A newly discovered mass grave near the Anbar province city of Fallujah contains the remains of “dozens” of civilians whom Iran-backed and IRGC-made militias in Iraq apparently executed at point blank range, officials said.
Omar al-Farhan, director of the Iraqi War Crimes Documentation Centre says: It is not clear how many victims are interred at the site, which local farmers and authorities found by chance, although there appear to be “dozens”.
He added: not long after the locals discovered the mass grave, the dominant militias in the area — Iran-backed Kataib Hizbullah and Kataib al-Imam Ali — cordoned off the site in an apparent attempt to obfuscate the crime.
The human remains had protruded above the ground after heavy rains, al-Farhan said, noting that local residents found traditional Arab clothing and sportswear at the site, which indicates the victims were civilians.
The victims’ slayers tied their hands and shot them at close range, as evidenced by bullet holes in their skulls.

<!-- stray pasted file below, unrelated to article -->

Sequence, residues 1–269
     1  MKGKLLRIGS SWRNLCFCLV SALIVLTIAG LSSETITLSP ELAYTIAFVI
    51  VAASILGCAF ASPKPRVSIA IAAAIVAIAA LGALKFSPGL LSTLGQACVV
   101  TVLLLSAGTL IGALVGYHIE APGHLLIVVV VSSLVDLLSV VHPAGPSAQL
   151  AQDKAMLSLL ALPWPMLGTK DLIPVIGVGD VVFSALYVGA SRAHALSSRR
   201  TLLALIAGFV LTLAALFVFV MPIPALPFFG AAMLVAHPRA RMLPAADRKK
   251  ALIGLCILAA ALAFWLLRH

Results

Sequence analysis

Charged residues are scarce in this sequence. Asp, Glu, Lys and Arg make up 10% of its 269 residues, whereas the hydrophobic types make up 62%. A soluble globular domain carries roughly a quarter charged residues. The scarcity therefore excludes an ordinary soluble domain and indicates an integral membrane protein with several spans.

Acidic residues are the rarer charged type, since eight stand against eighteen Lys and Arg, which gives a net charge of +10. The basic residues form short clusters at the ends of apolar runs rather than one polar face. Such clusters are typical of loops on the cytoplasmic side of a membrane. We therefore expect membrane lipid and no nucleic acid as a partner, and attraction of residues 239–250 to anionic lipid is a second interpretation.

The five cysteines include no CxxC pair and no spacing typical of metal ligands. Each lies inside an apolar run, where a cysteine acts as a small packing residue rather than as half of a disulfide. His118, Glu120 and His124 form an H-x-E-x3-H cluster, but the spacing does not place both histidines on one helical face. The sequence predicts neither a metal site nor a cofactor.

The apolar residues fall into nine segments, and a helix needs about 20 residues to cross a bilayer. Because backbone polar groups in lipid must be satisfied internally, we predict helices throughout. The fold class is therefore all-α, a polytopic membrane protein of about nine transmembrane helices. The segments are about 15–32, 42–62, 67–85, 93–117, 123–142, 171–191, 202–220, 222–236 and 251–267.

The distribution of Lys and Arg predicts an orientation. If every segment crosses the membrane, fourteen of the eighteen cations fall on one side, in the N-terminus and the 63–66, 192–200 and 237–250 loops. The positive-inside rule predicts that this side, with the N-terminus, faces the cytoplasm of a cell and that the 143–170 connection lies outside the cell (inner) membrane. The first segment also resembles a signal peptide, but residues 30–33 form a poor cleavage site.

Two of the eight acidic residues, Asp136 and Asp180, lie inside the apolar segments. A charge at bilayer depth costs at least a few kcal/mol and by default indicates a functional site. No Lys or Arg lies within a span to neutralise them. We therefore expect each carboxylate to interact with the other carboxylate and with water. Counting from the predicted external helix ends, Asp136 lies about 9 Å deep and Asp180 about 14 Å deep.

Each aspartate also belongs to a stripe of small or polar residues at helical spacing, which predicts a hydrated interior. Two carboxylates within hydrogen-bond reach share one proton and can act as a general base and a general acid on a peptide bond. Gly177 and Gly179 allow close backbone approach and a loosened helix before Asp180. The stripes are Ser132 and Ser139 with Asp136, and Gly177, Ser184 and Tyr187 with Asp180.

While the mass grave is similar to dozens of others containing the remains of ISIS victims, the newly discovered burial site is “the work of the militias, according to the testimony of the local population in the area”, he said.
This testimony has gained credence from the remarks of a Kataib al-Imam Ali leader, who goes by the name Abu Azrael (Angel of Death), in a video clip that has been circulating on social media, the Iraqi War Crimes Documentation Centre said.
In the clip, Abu Azrael describes the fate of those whom the militias detained during the war on ISIS. He claims that many Iraqi Sunnis have called him to tell him their sons have been detained since 2015, and ask to see them in prison.
“I tell them there are no detainees. They killed them,” he said, adding that at that time “sectarianism consumed anything and everything”.
Iraqi officials accuse Iran’s proxies and IRGC-made militias of forcibly disappearing at least 12,000 Iraqi residents of areas liberated from ISIS, under the pretext that they had ties to the extremist group.
Political analyst Ahmed Shawki said Iran-aligned militias took advantage of their positions in the rear of the battle lines to “hunt” families the Iraqi army was liberating from ISIS, on the pretext that they were collaborators.